Escalation may, however, occur in any case since Azerbaijan after the cessation of fighting in April of last year, did not expect so much greater international control on the border (front line), but the return of seven districts occupied by the Armenian forces of Nagorno-Karabakh. It is the territories occupied in 1994 by Armenia, but not part of the Nagorno-Karabakh Republic. Yerevan is important to keep control over them, as they give a tactical advantage (in particular, because of the terrain).

In April last year, when the fighting ceased, Armenia increased its troop presence on the border, and the military of Nagorno-Karabakh approved a new defensive-offensive plan, according to which, in case of an attack by Azerbaijani forces, they will try to go to the counter and move the border 15 kilometers inland of Azerbaijan.

On the other hand, a small territorial gains achieved Baku, convinced him that the issue can be resolved by military means. Therefore, the increased number of incidents involving the use of heavy weapons, and for one only the first half of June, the ceasefire was violated 300 times.

In the report on Armenia-Azerbaijan conflict, the International Crisis Group warns that the fighting could resume at any time, and the risk increases the absence of any channels of communication between the Armenian and Azerbaijani military and political progress in the negotiations, and the reluctance of politicians to take any decisions which will allow to establish a stable peace.

Azerbaijan believes that the situation is advantageous, both from the military and foreign policy point of view, hoping to change the status quo. It is, in particular, the superiority in military power and the Russian-Turkish cooperation. Azerbaijan believes that the Kremlin will not risk its relations with Baku and Ankara, protecting Nagorno-Karabakh from the seizure of Azerbaijani forces, and the US and Europe at least remain neutral. Washington is not interested in aggravating relations with Turkey on it for minor reasons, and the Europeans need Azerbaijani oil and gas. Armenia, in turn, seeks to preserve the status quo, aided by the lack of progress in peace talks.

The prospects for a peaceful settlement of the Armenian-Azerbaijani conflict depends on the fulfilment of three conditions: the return of Nagorno-Karabakh the seven occupied Azerbaijani districts, the referendum on the status of the unrecognized Republic and the introduction of international forces to monitor the implementation of decisions in life.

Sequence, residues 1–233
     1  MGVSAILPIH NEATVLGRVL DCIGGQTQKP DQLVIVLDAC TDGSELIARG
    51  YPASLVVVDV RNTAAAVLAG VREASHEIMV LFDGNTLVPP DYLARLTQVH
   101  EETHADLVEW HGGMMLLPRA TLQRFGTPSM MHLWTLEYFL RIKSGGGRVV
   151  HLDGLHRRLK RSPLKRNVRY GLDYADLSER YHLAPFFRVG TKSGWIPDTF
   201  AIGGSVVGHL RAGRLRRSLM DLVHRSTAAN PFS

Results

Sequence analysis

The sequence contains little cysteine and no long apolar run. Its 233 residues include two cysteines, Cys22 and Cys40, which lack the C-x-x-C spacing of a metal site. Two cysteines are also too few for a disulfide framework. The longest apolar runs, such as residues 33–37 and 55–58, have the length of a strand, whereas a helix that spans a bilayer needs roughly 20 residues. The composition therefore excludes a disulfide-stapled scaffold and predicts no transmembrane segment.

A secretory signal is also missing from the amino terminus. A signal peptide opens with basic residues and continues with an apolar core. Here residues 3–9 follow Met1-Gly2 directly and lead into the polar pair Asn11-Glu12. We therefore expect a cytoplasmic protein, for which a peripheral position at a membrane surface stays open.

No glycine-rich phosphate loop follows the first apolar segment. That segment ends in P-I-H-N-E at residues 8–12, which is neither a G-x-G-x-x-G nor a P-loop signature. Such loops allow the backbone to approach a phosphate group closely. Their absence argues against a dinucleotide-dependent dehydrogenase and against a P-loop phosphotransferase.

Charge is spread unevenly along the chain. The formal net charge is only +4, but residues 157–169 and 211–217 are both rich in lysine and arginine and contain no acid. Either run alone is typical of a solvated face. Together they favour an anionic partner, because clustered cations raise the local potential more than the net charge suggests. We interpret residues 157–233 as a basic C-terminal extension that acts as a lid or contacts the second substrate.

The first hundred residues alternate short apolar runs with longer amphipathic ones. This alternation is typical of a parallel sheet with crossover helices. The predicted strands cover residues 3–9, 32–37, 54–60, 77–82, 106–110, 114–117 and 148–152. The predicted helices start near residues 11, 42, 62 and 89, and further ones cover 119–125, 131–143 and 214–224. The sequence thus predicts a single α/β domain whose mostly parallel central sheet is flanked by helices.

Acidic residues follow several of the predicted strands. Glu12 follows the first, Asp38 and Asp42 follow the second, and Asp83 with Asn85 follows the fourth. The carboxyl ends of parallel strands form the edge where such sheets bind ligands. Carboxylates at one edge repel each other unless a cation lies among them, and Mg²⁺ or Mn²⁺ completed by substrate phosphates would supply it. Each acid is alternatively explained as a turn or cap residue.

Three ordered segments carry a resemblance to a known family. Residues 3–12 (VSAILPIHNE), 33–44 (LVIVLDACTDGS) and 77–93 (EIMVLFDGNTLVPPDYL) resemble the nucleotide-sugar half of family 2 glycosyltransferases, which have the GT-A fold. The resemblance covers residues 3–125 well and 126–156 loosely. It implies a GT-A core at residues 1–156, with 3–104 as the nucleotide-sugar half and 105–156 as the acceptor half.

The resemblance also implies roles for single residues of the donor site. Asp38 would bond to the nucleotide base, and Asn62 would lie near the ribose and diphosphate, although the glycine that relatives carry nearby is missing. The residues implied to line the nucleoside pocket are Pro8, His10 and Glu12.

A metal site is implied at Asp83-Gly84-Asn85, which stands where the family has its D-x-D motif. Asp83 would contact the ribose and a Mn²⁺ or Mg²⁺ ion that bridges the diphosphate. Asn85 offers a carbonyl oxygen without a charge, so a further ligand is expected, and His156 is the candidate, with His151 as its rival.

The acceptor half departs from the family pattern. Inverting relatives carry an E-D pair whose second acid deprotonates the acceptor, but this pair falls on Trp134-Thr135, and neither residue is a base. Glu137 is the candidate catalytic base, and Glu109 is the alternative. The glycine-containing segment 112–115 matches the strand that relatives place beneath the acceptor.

Azerbaijan expects that he will receive seven of their neighborhoods, and only then will start negotiations on the settlement of Nagorno-Karabakh’s status, not declaring his readiness to acknowledge his sovereignty or to agree to its accession to Armenia. Yerevan says it is ready to discuss broad autonomy of the region only in the Azerbaijani borders. In turn, Armenia (not stating it directly, as it would cause protests) would be willing to give seven of these areas under the condition that Azerbaijan recognizes the right of people of Nagorno Karabakh to self-determination. The rejection of these areas will weaken the Armenian defence potential, that is, can persuade the Azeris to solve the issue of Karabakh’s status by military means.

At the end of last year, there were rumors about the existence of “Lavrov plan”, the provisions of which are contrary to the interests of Armenia. He was told, suggested that Yerevan already in 2016 will return to Baku five districts, and only then will start negotiations on the mechanisms for determining the status of Nagorno-Karabakh. The existence of such a plan the Russians eventually denied.

Everything points to the fact that the new outbreak of large-scale hostilities is only a matter of time. Although Russia is not interested in such developments, it will not be able to stop it and will not take active steps to protect Yerevan. Russian obligations in the area of mutual defence shall not apply to territories that in the light of international law are not part of Armenia.

Moscow hopes that the Armenian state will be isolated (and, hence, will be doomed to a dependence on the Kremlin), because under the pressure of Turkey and the United States (and Europe) it will not defend against attacks of Azerbaijan and will be limited to calls for peace. If the West will be able to exploit the disloyalty of Russia to Armenia, he will be able to deploy the geopolitical situation in the Caucasus against Russia.